In Europe, CREFC’s affiliated trade association CREFC Europe has developed and published a highly-detailed due diligence guide for commercial real estate lenders. The purpose of the due diligence guide is “to help lenders to assess, in the early stages of discussions with a borrower, climate-related resilience and risk, as well as impact, and thus potential eligibility for a green/sustainable loan”. The guide is an excellent example of an industry-led effort to facilitate the identification and due diligence of green assets that can back green bonds.
In addition, the Structured Finance Association, a leading industry association for the US securitisation industry, has established asset-class task forces with the goal of developing green bond disclosure frameworks. The Structured Finance Association has noted a challenge that faces the standardisation of green bonds: On the one hand, there is a desire to avoid lax standards that may result in ‘greenwashing’, but on the other hand “overly ridged” disclosure frameworks “risk undermining the development” of green bonds.
Green bond classification systems
Europe has produced the most substantial legal developments to date toward the standardisation of green bonds through its adoption of the EU Taxonomy Regulation. The EU Taxonomy Regulation sets forth six broad environmental objectives: climate change mitigation; climate change adaptation; the sustainable use and protection of water and marine resources; the transition to a circular economy; pollution prevention and control; and the protection and restoration of biodiversity and ecosystems.
The regulation provides that, for purposes of establishing the degree to which an investment is environmentally sustainable, an economic activity will qualify as environmentally sustainable where that economic activity contributes substantially to one or more of the six objectives, does not significantly harm any of the objectives, and meets certain minimum safeguards and technical screening criteria.
EU Taxonomy Regulation requirements
EU member states are required to apply the criteria from the EU Taxonomy Regulation to determine whether an economic activity qualifies as environmentally sustainable for the purposes. EU member states will look to the criteria in the EU Taxonomy Regulation as they enact measures that set out requirements for financial market participants or issuers in respect of green financial products or green bonds that are marketed as environmentally sustainable. Additionally, certain large listed companies, banks and insurance companies with more than 500 employees will be required to make disclosures as part of their non-financial statements. Financial market participants (as defined in the EU regulations) will be required to supply related disclosures regarding their products’ alignment with the Taxonomy Regulation in precontractual disclosures and periodic reports.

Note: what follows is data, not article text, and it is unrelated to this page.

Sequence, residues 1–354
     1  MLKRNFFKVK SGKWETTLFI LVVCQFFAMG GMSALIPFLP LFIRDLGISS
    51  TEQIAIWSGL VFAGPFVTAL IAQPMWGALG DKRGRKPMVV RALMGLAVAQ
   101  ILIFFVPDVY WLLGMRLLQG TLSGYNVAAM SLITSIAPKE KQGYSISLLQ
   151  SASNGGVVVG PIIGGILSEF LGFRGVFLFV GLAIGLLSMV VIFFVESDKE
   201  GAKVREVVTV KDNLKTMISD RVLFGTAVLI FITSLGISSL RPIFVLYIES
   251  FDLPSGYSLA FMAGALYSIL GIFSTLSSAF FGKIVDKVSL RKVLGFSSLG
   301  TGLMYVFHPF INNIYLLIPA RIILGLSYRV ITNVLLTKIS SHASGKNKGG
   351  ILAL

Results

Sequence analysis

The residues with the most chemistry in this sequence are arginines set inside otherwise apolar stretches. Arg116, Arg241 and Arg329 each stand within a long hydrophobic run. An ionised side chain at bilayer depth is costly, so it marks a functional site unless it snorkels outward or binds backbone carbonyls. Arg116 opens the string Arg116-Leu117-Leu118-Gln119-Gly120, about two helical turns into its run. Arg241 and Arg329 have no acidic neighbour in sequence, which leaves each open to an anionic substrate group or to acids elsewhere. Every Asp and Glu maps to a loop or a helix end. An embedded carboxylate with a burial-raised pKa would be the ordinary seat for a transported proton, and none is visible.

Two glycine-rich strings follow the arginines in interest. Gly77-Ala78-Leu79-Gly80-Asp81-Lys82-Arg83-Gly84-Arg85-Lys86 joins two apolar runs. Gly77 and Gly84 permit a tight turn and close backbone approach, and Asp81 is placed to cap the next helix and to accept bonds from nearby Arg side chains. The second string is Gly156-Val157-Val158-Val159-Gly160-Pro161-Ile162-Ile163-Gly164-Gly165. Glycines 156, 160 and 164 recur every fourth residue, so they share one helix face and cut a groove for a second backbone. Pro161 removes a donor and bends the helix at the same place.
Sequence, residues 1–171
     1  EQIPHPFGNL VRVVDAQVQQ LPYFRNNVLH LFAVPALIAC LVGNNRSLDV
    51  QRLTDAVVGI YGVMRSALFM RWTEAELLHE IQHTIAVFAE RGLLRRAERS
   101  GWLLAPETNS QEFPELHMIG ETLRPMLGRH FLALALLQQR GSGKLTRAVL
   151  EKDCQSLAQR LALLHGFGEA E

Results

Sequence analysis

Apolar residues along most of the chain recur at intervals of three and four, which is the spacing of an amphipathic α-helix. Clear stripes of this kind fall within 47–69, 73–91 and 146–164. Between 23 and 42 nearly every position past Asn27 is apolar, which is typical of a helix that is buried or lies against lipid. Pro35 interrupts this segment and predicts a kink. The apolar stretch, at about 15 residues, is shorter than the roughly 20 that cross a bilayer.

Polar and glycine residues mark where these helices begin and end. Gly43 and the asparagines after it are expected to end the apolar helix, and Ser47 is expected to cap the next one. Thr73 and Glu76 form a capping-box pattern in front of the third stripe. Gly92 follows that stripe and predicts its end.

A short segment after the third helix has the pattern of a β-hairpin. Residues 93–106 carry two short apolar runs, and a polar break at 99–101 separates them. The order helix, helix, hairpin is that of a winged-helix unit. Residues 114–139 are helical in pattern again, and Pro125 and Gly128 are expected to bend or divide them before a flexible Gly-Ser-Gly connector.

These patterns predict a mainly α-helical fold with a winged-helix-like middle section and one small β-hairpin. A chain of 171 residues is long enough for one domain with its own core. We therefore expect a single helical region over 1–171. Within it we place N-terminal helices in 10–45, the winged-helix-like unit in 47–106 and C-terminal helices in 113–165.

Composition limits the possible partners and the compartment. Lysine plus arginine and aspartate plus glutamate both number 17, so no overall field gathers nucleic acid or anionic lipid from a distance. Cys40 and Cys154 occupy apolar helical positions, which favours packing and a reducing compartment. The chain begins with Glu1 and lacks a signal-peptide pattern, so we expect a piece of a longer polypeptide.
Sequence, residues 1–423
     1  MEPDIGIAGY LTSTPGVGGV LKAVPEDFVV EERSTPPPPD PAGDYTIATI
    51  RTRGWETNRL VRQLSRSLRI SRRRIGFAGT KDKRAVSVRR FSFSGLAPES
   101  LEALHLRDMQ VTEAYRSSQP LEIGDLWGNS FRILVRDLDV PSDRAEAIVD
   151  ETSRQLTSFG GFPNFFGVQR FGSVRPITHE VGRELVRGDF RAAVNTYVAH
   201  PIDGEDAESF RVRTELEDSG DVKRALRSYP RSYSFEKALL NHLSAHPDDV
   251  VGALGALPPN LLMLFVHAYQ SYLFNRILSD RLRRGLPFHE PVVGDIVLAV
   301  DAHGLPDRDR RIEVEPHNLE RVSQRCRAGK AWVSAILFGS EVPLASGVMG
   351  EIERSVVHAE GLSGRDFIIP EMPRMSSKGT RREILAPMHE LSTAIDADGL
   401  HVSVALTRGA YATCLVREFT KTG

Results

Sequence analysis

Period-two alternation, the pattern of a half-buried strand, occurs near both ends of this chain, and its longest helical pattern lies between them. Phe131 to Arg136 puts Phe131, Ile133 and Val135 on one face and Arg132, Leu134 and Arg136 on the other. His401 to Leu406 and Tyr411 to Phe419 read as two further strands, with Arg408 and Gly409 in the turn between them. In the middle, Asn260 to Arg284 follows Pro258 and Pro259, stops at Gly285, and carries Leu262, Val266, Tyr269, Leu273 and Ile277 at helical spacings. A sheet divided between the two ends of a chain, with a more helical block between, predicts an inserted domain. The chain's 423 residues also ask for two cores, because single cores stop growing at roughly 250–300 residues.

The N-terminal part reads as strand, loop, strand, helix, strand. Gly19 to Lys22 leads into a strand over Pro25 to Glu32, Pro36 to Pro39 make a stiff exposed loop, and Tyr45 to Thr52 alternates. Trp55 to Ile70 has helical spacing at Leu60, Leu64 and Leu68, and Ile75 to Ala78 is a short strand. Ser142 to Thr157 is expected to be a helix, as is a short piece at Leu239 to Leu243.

“as green bond issuance continues to grow rapidly, issuers and investors must confront challenges regarding the development of common disclosure frameworks that work for each asset class”
In addition, recent amendments to Regulation (EU) 2017/2402 (the Securitisation Regulation) added a new Article 45a (Development of a sustainable securitisation framework). The change requires that, by November 1 2021, the European Banking Authority, in cooperation with the European Securities and Markets Authority and the European Insurance and Occupational Pensions Authority, publish a report on developing a specific sustainable securitisation framework for the purpose of integrating sustainability-related transparency requirements into the Securitisation Regulation. In drafting the report, the European Banking Authority is required where relevant, to mirror or draw upon the transparency requirements in Articles 3, 4, 7, 8 and 9 of Regulation (EU) 2019/2088 (the Sustainable Finance Disclosure Regulation).
The US currently lacks a classification system for green bonds. The implementation of one in the US at the federal level could help to ensure that green bond issuances further national climate and environmental goals. The imposition of an overly prescriptive regulation, however, may stifle the private sector’s efforts to create industry-led common disclosure frameworks that are sufficiently adapted to suit the needs of investors in different asset classes of green bonds. Recently appointed head of the SEC, Gary Gensler, has already indicated that the SEC plans to introduce new climate-related rules.
Securities law liability considerations
What about issuers’ and underwriters’ securities law liability concerns? Are issuers and underwriters taking consistent approaches to green bond disclosures? Many issuers and underwriters have been protecting themselves through routine disclosure of risk factors regarding green bonds, but a search of prospectuses and other disclosure documents publicly filed in the US reveals that some issuers have not availed themselves of the protection afforded by risk factor disclosure. All issuers and underwriters of green bonds should consider incorporating risk factor disclosures. A sample green bond risk factor for a green commercial mortgage-backed securities issuance is included in Figure 1.